Most TV shows in those days were done live. How did that help you grow as a dancer?
It’s either do it or die. Today they call a season 12 shows—we did a 32-week season, and I did two years of live TV with many, many stars. It was the best training ground ever. There were no second takes—you really had to know what you were doing.
And I never stopped taking class, ever. We finished a show or walked out after rehearsal, where would we go? We would go to class. It was the best thing I ever did. You can never stop working on your instrument, on your body.
How did that all lead to teaching?
I was very lucky because I met so many stars on The Jerry Lewis Show—Jane Powell to Bobby Darin to everyone imaginable, and they would be like, “You’re really good—would you work for me?” That’s when I started choreographing. Eugene Loring had a school in Hollywood [Loring was director of the American School of Dance] and he said, “I want you to teach for me.” I opened my own dance center in 1971.
What was your studio like?
It was almost all adults. When I first opened I don’t think I let in anyone under 14, and then eventually dropped it to 12. But they were stars. Choreographers would take my class. Even Cyd Charisse took my class.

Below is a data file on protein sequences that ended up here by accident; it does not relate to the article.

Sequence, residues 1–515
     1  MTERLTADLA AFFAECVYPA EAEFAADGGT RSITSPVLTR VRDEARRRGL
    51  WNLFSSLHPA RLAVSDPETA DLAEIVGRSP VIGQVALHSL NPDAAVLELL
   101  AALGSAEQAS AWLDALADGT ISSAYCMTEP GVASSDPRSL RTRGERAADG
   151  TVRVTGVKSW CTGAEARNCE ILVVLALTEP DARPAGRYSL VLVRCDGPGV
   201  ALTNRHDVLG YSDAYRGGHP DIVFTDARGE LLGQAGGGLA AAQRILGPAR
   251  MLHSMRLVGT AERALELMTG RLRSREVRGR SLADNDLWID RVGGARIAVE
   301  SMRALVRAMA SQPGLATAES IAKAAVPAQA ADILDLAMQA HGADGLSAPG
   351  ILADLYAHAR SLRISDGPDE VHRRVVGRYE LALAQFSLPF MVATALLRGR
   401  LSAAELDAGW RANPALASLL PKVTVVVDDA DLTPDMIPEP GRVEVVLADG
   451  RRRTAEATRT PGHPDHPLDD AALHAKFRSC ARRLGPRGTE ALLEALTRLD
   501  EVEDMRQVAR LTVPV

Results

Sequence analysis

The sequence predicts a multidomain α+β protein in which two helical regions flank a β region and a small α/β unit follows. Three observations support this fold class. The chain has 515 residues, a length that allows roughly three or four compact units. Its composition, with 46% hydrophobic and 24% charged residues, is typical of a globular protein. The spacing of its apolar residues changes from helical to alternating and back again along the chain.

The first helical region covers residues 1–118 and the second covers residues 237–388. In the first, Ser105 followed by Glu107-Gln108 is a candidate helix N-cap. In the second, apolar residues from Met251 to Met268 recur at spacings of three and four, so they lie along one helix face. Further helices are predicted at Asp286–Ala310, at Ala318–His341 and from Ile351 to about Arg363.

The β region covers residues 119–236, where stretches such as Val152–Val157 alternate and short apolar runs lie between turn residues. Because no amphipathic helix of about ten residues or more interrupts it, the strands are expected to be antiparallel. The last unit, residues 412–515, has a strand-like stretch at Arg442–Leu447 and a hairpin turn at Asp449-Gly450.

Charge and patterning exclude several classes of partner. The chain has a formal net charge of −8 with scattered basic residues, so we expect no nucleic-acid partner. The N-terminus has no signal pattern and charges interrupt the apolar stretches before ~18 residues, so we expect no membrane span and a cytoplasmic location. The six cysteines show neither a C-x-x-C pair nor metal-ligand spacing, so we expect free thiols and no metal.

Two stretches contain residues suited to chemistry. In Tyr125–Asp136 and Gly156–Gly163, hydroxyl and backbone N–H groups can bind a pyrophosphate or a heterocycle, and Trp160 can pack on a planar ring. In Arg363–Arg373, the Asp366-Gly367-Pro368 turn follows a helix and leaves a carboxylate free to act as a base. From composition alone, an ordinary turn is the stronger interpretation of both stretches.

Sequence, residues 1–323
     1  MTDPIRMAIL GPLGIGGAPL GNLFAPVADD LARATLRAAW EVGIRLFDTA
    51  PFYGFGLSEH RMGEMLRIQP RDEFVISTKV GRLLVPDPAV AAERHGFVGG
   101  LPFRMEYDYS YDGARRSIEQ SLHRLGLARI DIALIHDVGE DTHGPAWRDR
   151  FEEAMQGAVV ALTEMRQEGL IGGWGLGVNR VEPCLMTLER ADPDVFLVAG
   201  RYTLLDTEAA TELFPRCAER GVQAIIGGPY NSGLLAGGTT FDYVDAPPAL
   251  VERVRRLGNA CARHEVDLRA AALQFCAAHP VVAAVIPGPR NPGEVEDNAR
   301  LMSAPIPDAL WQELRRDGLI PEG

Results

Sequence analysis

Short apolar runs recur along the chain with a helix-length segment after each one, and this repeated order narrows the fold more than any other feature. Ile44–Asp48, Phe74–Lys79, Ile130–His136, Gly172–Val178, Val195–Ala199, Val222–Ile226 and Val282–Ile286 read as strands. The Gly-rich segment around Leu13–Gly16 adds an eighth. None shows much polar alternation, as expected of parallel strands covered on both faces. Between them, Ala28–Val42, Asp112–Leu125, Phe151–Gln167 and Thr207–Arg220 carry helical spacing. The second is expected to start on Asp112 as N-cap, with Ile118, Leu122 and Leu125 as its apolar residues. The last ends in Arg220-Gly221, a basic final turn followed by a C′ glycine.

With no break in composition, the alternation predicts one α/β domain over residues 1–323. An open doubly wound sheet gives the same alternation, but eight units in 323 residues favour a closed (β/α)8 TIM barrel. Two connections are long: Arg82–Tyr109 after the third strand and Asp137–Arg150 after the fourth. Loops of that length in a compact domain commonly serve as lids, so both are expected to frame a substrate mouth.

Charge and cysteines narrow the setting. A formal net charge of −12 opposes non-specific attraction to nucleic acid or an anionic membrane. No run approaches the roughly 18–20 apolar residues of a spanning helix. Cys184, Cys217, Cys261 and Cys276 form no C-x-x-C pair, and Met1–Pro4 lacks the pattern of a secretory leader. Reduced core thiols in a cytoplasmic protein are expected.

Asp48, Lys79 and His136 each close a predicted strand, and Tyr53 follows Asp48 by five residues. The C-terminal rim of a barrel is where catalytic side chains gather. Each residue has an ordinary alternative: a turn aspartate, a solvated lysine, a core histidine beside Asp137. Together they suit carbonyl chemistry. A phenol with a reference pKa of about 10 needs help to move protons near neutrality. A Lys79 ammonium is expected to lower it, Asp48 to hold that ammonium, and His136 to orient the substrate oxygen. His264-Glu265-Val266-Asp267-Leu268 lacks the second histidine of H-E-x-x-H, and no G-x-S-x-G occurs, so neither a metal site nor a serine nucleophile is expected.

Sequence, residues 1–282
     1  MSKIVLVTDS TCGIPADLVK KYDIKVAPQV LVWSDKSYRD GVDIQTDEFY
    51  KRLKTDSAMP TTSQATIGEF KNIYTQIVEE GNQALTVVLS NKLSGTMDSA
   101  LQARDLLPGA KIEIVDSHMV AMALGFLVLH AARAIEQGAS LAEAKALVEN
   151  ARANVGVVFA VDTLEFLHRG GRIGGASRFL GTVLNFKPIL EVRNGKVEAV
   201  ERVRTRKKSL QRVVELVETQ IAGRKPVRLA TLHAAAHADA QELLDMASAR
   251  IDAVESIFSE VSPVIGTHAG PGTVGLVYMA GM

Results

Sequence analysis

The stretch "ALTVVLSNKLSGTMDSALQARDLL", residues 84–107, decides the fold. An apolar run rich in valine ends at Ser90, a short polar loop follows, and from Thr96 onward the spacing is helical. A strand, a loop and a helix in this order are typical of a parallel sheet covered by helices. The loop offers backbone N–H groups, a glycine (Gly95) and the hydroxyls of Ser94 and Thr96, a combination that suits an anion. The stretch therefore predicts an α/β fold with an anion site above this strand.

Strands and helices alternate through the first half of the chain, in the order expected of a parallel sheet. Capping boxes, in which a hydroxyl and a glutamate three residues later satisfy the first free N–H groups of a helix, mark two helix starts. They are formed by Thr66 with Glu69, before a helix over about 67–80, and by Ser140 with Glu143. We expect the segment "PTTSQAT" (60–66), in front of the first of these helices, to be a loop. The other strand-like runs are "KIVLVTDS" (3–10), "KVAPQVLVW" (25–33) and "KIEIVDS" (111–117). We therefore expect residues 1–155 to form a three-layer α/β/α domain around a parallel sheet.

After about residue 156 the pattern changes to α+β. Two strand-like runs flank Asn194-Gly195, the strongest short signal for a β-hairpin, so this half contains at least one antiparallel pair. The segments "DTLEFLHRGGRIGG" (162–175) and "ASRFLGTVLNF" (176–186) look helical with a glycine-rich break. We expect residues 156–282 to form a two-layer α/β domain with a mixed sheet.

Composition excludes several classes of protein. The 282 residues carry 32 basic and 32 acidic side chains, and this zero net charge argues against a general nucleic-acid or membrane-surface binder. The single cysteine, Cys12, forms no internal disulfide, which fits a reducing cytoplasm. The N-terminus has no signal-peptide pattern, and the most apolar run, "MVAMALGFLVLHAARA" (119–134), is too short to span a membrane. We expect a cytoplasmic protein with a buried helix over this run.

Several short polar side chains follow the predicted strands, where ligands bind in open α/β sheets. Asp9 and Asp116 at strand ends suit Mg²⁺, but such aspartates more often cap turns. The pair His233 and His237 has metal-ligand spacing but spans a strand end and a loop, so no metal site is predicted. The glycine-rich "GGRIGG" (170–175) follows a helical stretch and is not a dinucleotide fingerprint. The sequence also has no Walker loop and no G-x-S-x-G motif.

That was before people were going to gyms to get physically fit, so everybody would come to dance class. I’m not being egotistical, but my beginner and intro jazz classes would be huge—50, 60, 70, 100 people in a room that should only have 35 or 40. So I’d teach class harder and weed out the people who couldn’t keep up. Every secretary, every waiter, everybody out here wanted to be actors. That’s how my studio mushroomed—because they came to class.
How did you develop your style of jazz?
Every night I would go out dancing in the discos—not just to dance for my pleasure, but to hear the music, see all the street stuff. I’d say, “Boy—that could make a great step.” I would make it mine. I’d put it in a jazz form, and that’s how I developed my style.
What was best about running your own dance studio?
The freedom to do what I wanted to do, and do it the way I wanted to do it. I’m kind of strong-headed in the things I believe in. I like to teach fast and challenge people.
I don’t know that there was a worst part. I feel selfish sometimes that I am able to do what I want to do, having the time of my life and meeting incredible people. I really don’t know how to do anything else, and I don’t care how to do anything else. I just want to dance. I always wanted to dance.
“When I was 8 or 9, I was dancing to music on the radio in my dad’s grocery store, and I remember one of the workers said, ‘Man, you’re good! When you grow up, you’re gonna be an exotic dancer!’ He didn’t know what an exotic dancer was, and neither did I.”
How do you see jazz dance changing?